The internet is inherently collaborative; this is its unique strength. Its peer-to-peer design allows users to interact, including customers, merchants, and financial institutions. Where there are ways to use this collaboration, there will be benefits. An obvious one is in accepting orders over the internet. This is something not as easily done with magazines and television. Not as obvious are ways to survey customer feedback to plan or design custom new products or services, or to support business decisions such as pricing or launching of new products or services.
Now that I have given this foundation to an analysis of the Internet, predicting its future may be more systematic, although still not easy. One thing we can be certain about is that the Internet will change, probably much more in the future than it has so far to date.
Where is it going?
Since the Internet is about information, I will describe the types of changes from an information perspective.
It is fairly safe to predict that access to information will continue to increase. The Internet itself will continue to be more available in more places such as libraries, schools, coffee houses, shopping malls, airports, and even on all those AT&T payphones with the CRTs and keyboards. New Internet technologies for wireless communications will soon free the user from the tether of his phone line. Not only will the Internet become more accessible, so will the information content carried on it. Public sources will include increasing segments of societies around the world. Not only will the quantity of information increase, so will its quality, as sources feel the pressures of competing for attention and business with each other.
With the availability of increasing Internet bandwidth as well as with the increasing accessibility of the Internet, it will become easier to move larger amounts of data from source to destination. This will result in changes in how businesses operate and will cause increasing routine dependency on massive amounts of information.
Security on the Internet is a recognized issue affecting the use of this media in Internet Commerce. The current situation will certainly improve as quality products are designed and put into operation. The products will address security issues including better ways of authenticating users with something more reliable than user names or passwords. Digital signatures, stamping systems and other methods will enable non-repudiable contracts. Stronger more usable encryption systems will provide better confidentiality and integrity to data and systems. Increasing capacity of internet services will improve their availability and reliability, even when deliberately attacked. As the government steps up to its responsibilities to protect CyberSpace, the risks from computer crimes will become more predictable and manageable.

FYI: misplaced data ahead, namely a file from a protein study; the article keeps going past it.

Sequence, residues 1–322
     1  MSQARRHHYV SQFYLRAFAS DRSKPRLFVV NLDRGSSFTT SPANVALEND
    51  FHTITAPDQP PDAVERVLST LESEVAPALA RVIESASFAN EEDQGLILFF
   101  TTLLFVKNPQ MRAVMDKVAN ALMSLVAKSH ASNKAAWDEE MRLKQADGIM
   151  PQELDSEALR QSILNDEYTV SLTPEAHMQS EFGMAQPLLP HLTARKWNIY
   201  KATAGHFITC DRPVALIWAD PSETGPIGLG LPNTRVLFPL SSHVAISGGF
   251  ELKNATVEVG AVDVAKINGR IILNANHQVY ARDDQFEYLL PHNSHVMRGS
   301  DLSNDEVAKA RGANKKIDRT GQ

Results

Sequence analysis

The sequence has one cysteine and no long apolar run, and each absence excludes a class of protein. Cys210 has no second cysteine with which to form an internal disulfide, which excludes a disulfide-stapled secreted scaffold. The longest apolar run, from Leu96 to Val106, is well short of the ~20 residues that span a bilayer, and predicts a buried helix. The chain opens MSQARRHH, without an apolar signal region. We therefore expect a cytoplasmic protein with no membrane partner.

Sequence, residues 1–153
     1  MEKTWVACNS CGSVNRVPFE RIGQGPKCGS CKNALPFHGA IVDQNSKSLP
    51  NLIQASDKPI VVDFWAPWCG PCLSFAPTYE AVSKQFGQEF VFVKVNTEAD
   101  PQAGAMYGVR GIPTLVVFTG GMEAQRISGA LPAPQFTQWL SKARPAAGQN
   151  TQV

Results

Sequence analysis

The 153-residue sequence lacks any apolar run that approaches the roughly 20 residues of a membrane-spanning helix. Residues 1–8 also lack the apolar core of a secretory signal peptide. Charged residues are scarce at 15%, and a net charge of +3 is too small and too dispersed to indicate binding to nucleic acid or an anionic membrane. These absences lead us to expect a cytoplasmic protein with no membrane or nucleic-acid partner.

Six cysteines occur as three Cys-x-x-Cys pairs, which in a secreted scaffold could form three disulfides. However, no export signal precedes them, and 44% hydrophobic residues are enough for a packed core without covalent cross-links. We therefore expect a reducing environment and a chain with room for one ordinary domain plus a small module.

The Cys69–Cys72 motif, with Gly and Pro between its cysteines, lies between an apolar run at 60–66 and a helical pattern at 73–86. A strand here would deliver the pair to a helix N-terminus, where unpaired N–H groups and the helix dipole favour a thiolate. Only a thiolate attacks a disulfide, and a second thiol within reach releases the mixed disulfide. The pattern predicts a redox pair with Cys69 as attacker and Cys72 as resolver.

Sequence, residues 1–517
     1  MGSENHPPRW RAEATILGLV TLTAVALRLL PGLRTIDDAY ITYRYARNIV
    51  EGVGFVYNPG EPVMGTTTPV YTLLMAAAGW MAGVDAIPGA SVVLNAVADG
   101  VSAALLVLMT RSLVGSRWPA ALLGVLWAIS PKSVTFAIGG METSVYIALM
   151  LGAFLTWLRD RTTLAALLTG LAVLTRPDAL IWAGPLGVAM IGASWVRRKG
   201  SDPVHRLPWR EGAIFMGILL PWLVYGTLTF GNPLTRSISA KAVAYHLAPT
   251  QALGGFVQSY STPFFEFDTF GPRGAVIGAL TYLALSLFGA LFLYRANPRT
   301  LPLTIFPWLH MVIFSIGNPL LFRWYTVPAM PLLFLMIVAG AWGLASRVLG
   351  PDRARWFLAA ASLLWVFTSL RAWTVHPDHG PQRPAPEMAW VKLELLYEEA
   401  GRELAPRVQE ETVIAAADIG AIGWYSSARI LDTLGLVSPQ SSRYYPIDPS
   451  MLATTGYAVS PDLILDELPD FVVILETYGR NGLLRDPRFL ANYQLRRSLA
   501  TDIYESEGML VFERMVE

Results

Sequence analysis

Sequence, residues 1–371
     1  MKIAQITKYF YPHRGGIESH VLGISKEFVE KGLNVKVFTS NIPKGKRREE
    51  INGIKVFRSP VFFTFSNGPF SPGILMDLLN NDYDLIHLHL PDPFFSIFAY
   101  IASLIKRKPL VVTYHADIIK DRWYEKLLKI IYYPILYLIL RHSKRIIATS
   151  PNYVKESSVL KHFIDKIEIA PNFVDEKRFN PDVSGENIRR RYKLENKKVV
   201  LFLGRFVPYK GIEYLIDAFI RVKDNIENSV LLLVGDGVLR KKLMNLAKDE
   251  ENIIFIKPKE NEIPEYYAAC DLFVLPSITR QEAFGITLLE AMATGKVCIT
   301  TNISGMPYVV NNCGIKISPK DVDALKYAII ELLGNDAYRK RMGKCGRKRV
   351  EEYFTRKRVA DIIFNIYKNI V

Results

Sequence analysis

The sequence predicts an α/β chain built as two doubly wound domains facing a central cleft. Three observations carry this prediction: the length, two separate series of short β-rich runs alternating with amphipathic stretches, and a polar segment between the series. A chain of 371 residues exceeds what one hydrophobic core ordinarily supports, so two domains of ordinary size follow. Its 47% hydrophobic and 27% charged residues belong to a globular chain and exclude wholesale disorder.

I believe that the most significant changes are likely to happen with the management of information (not to be confused with the management of information systems). Given that more information is available to collect, and that it can be rapidly transported anywhere, the problem now becomes how to avoid being swamped with unnecessary data, or how to design business practices and processes to make effective uses of this information. The problems become determining how much information is enough, or how to convert data into information and then into situational awareness, and then into operational decisions. This is a non-linear problem, because of the internal cross-dependencies among the factors.
My conclusion for industry is that the Internet will have a significant and far reaching impact, if not today, then certainly tomorrow. In examining the capabilities of this medium and its potential impact for your business, it may be more useful to look at not the evolving communications, computer, or software technologies that continue to be developed, but rather at your own business processes and how they use or can use information. If you can devise a vision of a better way to do your business by making better use of information, then it is very likely that the Internet can play a role in fulfilling this vision. If the technologies aren't available off-the-shelf, they probably will in the near future. The Internet will become what you want it to be.